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The diagnostic spectrum in patients with suspected chronic Lyme neuroborreliosis – The experience from one year of a university hospital’s Lyme neuroborreliosis outpatients clinic – Source: European Journal of Neurology, Oct 27, 2010

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Background and purpose: Studies addressing the diagnostic relevance of anti-Borrelia burgdorferi (BB) serum antibodies in patients with non-specific symptoms and suspected chronic Lyme neuroborreliosis (LNB) are scarce. [Note: LNB involves chronic symptoms involving the central nervous system/brain, such as mental problems, headache, sleep disturbance, effects of increased intracranial pressure, meningitis, or, rarely, effects on the eyes or spinal cord.]

Methods: In this study, we enrolled within 1 year 122 patients with suspected chronic LNB.

• 114 patients had previously tested positive for BB.

• All patients had previously received antibiotic treatment.

Each patient received a clinical examination and measurement of BB-specific antibodies. The diagnosis of neuroborreliosis was made according to the national guidelines of the German Society of Neurology.

• Nine patients had acute borreliosis. One of the nine met the criteria of acute LNB.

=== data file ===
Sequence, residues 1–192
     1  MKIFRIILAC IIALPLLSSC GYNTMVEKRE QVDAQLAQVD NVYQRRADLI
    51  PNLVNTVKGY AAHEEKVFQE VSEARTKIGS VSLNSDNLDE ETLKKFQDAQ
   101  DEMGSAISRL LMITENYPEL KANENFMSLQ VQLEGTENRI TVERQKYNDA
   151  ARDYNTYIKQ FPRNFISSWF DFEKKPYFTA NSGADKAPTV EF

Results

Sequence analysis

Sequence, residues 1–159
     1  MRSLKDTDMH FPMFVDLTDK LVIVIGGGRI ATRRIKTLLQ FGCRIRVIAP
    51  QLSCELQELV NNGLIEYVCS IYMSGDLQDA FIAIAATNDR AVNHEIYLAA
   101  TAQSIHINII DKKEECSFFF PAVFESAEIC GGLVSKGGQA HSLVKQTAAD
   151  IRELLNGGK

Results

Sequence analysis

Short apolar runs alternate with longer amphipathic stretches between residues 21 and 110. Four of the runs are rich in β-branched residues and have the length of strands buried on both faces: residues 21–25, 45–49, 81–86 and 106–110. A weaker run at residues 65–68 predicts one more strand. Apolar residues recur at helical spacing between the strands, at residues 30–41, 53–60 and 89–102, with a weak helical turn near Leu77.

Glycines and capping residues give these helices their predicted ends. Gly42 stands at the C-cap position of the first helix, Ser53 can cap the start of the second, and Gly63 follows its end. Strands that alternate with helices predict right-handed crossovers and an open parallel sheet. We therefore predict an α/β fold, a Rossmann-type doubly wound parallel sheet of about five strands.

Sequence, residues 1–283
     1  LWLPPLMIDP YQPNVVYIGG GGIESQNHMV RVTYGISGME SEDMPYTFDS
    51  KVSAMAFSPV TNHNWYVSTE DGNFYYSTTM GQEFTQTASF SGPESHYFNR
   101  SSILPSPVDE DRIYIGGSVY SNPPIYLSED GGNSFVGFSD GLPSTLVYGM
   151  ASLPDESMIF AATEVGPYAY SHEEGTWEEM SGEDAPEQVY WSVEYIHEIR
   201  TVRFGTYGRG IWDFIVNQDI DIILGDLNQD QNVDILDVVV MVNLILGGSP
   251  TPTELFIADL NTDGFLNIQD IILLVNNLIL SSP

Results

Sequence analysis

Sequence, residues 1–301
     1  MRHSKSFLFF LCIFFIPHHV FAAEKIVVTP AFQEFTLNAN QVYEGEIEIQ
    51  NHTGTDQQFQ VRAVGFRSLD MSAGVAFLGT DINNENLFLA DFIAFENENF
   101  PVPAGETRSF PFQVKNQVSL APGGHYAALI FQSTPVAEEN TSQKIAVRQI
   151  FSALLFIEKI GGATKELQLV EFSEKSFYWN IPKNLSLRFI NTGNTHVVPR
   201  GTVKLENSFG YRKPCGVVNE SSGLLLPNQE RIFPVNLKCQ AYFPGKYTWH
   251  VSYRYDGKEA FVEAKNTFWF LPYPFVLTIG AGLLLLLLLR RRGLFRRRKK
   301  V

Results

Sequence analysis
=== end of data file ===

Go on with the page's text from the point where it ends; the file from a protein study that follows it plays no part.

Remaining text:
• Of the remaining 113 patients, 85 patients underwent a lumbar puncture.

• Ten seronegative subjects without lumbar puncture were also considered.

In 61.8% of these 95 patients the quality of life, of sleep, mood, and anxiety were assessed.

Results: Of 95 patients:

• 25.3% had symptoms without a somatic cause or evidence of borreliosis,

• 38.9% had a well-defined illness unrelated to BB infection,

• And 29.5% suffered from symptoms without a detectable somatic cause, displaying antibodies against BB.

• Six patients were grouped as post-LNB syndrome.

Most common symptoms in all categories were arthralgia [joint pain], myalgia [muscle pain], dysaesthesia [nerve pain, e.g., burning sensation], depressive mood and chronic fatigue.

Conclusion: Patients with persistent symptoms with elevated serum antibodies against BB but without signs of cerebrospinal fluid inflammation require further diagnostic examinations to exclude ongoing infection and to avoid co-infections and other treatable conditions (e.g., autoimmune diseases).

One patient with acute LNB, who was treated with ceftriaxone for 3 weeks suffered from LNB with new headaches and persistent symptoms 6 months later.

These data should encourage further studies with new experimental parameters.

Source: European Journal of Neurology, Oct 27, 2010. DOI: 10.1111/j.1468-1331.2010.03229.x, by Djukic M, Schmidt-Samoa C, Nau R, Von Steinbüchel N, Eiffert H, Schmidt H. Department of Neurology, University of Goettingen Department of Geriatrics; Evangelisches Krankenhaus Weende Medical Psychology and Medical Sociology, University of Goettingen Department of Neuropathology; University of Goettingen Medical Microbiology, Goettingen, Germany.

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